MODERNISM AND WORLD WAR II
By Marina MacKay
Cambridge University Press, 2007
The Second World War marked the beginning of the end of literary modernism in Britain. However, this late period of modernism and its response to the War have not yet received the scholarly attention they deserve. In the ﬁrst full-length study of modernism and the Second World War, Marina MacKay offers historical readings of Virginia Woolf, Rebecca West, T. S. Eliot, Henry Green and Evelyn Waugh set against the dramatic background of national struggle and transformation. In recovering how these major authors engaged with other texts of their time – political discourses, mass and middlebrow culture – this study reveals how the Second World War brought to the surface the underlying politics of modernism’s aesthetic practices. Through close analyses of the revisions made to modernist thinking after 1939, MacKay establishes the signiﬁcance of this persistently neglected phase of modern literature as a watershed moment in twentieth-century literary history.
Marina MacKay is Assistant Professor of English at Washington University in St. Louis.
Introduction: Modernism beyond the Blitz 1
1 Virginia Woolf and the pastoral patria 22
2 Rebecca West’s anti-Bloomsbury group 44
3 The situational politics of Four Quartets 71
4 The neutrality of Henry Green 91
5 Evelyn Waugh and the ends of minority culture
an excerpt from 'Introduction: Modernism beyond the Blitz'
The narrator of Rebecca West’s shellshock novel The Return of the Soldier (1918) even states outright the link between textual crisis and the war in progress when she describes her soldier’s insanity as ‘a triumph over the limitations of language which prevent the mass of men from making explicit statements about their spiritual relationships’. The soldier of the novel’s title has returned from the Front having forgotten his entire adult life, and the political implications of his ‘triumph over the limitations of language’ could not be starker when his madness represents his wholesale rejection of pre-war male privilege as feudal landowner, commercial imperialist and breadwinning husband. More canonical intersections of linguistic crisis, war damage and social protest could obviously be found in the predicament of Woolf ’s Septimus Smith and Eliot’s nerve-wracked residents of The Waste Land, in post-war texts whose formal modernity arises from the erosions that they undertake of traditional distinctions between public and private spheres, war front and home front, between conventionally historical events and the painfully permeable psychic life. Woolf ’s experiments at the really subjective end of free indirect discourse in the rendering of the warravaged Septimus Smith (Mrs Dalloway is the ﬁrst of her novels written in what became her characteristic style) and Eliot’s spasmodic, syncopated verse in the passages of The Waste Land that deal with similarly broken homecomings (‘What are you thinking of? What thinking? What? / . . . I think we are in rats’ alley / Where the dead men lost their bones’) make it inviting to connect the Great War’s causes and effects to the emergence of new textual forms.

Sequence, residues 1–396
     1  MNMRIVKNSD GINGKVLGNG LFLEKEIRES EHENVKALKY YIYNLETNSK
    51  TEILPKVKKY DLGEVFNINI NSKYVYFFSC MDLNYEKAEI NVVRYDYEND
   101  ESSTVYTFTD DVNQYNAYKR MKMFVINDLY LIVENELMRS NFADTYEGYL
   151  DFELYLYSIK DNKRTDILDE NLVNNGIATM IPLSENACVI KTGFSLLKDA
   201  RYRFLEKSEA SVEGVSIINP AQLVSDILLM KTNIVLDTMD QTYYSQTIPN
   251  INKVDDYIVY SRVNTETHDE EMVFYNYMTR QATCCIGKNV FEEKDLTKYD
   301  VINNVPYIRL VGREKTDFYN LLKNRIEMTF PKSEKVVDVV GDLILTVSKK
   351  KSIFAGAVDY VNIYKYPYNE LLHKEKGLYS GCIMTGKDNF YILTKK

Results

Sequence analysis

After all, it was the First World War that had showed the agonising incommensurability of the old realist historiography of decisive battles, victory and defeat, with the shapeless and essentially unbounded damage that war inﬂicts. War had ceased to look formal, was no longer believably contained by the sporting discourse, gendered and class-bound, of winners and losers. That uniquely modern lesson about the amorphousness of the war experience surely stands behind the argument made by one seminal feminist essay on war studies, that we have to think ‘beyond the exceptional, marked event, which takes place on a speciﬁcally militarized front or in public and institutionally deﬁned arenas, to include the private domain and the landscape of the mind’.
Chapter 3, 'The situational politics of Four Quartets', is an eye-opener.